Power lines touching trees blamed for 4 California wildfires, officials say

Byby Katie Utehs via KGO logo
Saturday, May 26, 2018
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PG&E is responding to a Cal Fire report that blames the utility's equipment for causing four wildfires in Nevada and Butte counties last October.

SAN FRANCISCO -- Cal Fire says trees coming into contact with PG&E power lines caused four major fires in Butte and Nevada County last October. These are some of the first official determinations from the deadly wildfires last season.

State Senator Jerry Hill says PG&E is lobbying in Sacramento to change the rules around fire liability. He said the latest determinations from Cal Fire show why that shouldn't happen.

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"There is a distance requirement from their polls, from their wires. If they keep to that distance then there shouldn't be a problem," said Hill.

Hill says Cal Fire's investigations show PG&E is in the wrong. Cal Fire says trees coming into contact with power lines is the cause of four major wildfires in Butte and Nevada counties.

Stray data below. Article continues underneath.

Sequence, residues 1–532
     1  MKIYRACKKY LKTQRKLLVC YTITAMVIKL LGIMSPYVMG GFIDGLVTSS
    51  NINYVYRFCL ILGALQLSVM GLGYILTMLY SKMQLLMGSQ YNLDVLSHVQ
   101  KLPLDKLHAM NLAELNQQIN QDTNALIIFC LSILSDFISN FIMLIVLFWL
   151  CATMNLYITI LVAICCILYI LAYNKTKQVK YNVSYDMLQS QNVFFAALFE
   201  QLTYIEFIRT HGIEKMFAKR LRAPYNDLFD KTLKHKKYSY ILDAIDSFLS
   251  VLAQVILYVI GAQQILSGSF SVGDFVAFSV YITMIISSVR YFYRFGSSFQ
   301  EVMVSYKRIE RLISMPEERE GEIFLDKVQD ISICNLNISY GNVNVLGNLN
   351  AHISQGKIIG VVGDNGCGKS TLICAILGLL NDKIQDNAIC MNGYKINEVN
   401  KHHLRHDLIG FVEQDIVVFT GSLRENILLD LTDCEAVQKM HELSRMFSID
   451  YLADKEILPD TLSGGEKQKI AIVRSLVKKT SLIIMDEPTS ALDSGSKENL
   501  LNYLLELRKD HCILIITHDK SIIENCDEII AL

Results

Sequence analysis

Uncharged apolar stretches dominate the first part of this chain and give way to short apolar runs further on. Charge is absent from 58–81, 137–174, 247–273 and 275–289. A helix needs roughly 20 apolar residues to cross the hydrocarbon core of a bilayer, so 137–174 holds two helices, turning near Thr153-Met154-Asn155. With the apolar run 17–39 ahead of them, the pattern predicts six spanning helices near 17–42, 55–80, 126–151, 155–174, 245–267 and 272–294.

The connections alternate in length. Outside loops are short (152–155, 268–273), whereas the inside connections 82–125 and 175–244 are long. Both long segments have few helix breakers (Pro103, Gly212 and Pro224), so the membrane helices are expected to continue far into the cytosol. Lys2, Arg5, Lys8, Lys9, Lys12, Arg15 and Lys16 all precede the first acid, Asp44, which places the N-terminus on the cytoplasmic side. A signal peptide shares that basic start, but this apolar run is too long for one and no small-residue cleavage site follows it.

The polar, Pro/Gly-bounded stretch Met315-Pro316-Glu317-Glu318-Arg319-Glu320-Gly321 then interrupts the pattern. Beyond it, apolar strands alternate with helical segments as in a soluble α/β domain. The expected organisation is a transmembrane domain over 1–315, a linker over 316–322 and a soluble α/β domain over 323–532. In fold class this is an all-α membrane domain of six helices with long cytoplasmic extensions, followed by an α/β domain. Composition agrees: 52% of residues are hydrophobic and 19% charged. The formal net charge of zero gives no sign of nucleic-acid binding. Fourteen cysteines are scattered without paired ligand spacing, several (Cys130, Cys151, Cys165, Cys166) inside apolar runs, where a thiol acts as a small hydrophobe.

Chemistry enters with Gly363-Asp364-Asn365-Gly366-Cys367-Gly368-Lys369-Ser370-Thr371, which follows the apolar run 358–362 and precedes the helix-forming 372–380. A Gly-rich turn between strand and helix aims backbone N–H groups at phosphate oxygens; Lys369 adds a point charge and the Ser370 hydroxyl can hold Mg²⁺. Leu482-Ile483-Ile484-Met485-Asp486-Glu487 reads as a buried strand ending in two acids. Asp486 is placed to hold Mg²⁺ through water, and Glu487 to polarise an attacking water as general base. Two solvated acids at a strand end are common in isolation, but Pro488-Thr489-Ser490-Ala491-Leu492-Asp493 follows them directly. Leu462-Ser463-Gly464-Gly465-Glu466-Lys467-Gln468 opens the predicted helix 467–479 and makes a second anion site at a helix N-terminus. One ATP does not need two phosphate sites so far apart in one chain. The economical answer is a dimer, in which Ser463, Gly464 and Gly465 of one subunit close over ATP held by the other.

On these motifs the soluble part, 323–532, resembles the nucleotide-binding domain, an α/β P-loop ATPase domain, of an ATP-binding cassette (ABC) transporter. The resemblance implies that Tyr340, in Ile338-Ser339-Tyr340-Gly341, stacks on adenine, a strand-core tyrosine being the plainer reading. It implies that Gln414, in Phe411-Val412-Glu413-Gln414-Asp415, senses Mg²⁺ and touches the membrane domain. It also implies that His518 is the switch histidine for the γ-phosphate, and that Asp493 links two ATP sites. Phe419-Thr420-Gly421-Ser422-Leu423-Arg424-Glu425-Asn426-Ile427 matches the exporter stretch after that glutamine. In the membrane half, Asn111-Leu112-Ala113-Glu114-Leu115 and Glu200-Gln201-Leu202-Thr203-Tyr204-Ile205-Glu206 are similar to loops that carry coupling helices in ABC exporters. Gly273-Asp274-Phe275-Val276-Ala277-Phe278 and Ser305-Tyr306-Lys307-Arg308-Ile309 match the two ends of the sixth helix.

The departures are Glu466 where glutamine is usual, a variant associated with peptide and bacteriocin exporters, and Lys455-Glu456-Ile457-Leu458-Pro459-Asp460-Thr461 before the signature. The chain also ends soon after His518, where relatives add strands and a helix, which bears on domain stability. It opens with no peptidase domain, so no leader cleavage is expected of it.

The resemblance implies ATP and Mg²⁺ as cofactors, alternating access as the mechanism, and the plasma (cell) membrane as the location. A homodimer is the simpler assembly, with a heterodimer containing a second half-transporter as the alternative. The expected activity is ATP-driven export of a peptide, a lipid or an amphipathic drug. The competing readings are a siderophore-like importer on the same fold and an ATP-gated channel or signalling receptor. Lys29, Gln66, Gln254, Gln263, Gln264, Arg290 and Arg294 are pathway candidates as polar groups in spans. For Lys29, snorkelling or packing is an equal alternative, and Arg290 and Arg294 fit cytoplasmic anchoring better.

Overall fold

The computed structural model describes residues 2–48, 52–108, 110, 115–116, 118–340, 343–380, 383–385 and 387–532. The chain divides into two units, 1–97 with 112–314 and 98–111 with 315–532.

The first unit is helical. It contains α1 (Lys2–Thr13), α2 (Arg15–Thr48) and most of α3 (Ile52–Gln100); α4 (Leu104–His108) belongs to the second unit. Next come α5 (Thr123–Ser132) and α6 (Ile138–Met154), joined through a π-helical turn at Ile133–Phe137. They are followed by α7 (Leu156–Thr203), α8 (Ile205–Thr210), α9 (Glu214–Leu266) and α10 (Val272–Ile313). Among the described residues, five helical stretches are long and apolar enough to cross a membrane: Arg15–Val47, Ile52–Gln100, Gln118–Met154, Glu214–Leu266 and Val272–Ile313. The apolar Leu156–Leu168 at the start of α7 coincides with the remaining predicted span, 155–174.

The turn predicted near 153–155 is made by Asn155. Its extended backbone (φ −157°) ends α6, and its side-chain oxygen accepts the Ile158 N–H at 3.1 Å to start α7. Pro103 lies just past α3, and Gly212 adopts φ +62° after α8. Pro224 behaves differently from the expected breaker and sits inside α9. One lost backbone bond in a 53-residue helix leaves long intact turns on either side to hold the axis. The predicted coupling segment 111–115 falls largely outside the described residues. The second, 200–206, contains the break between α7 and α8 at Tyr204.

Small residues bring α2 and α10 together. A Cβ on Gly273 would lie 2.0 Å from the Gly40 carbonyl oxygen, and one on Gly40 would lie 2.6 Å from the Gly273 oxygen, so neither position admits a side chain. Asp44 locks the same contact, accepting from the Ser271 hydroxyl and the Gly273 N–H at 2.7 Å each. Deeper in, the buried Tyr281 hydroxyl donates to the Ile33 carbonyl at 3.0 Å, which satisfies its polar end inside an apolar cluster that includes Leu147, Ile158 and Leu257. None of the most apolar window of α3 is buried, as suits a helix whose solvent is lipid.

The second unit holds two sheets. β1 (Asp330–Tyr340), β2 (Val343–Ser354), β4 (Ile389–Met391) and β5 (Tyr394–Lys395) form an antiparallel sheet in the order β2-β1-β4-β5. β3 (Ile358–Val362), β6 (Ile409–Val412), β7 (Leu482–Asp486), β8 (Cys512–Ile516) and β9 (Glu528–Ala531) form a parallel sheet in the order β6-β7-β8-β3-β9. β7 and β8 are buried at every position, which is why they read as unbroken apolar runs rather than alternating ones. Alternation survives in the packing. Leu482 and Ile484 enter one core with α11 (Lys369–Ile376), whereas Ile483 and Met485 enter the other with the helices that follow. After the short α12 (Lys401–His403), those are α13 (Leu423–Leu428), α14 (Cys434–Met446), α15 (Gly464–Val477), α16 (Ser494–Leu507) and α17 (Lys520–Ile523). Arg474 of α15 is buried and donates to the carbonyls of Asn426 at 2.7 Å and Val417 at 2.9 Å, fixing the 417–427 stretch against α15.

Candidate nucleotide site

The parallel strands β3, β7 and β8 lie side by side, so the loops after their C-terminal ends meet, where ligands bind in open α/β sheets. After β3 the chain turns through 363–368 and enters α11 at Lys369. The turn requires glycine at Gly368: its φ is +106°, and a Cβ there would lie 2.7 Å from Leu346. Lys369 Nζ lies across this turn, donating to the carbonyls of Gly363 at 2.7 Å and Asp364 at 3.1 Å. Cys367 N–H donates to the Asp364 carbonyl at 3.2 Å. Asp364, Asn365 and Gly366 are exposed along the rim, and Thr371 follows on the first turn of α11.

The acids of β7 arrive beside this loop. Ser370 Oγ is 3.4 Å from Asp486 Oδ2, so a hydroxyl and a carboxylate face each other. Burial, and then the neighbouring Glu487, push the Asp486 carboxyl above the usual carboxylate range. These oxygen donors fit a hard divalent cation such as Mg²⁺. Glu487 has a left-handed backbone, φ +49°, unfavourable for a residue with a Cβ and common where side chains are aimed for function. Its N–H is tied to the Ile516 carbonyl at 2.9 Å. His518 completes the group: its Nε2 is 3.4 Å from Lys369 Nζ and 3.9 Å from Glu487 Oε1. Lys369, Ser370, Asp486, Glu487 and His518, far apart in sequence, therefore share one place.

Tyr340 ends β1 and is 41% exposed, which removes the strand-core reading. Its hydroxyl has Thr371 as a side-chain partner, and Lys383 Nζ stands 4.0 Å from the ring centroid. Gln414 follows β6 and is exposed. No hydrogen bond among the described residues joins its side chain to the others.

"The Cal Fire investigators found evidence and determined that PG&E failed to remove a tree in the proximity of the power lines," said Scott McLean, Cal Fire spokesman.

The fires took place in early October of last year. In three of the cases, Cal Fire says PG&E violated state code and the agency has sent its findings to local prosecutors. PG&E wouldn't do an on-camera interview with ABC 7 instead, it released the following statement: "Based on the information we have so far, we believe our overall programs met our state's high standards."

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The utility points to climate change and increased fire dangers as challenges for the industry. It says the state's policies on wildfire liability are unsustainable.

"They're trying to create that fear so that we would change the law and take them off the hook. That's what they're trying to do," said Hill.

Hill says as the law stands now PG&E shareholders are liable for damages if the utility is found negligent when a fire occurs.

Cal Fire has not yet officially determined the cause of the deadly North Bay fires.

Click here to read the full Cal Fire report. And click here to read PG&E's full response.

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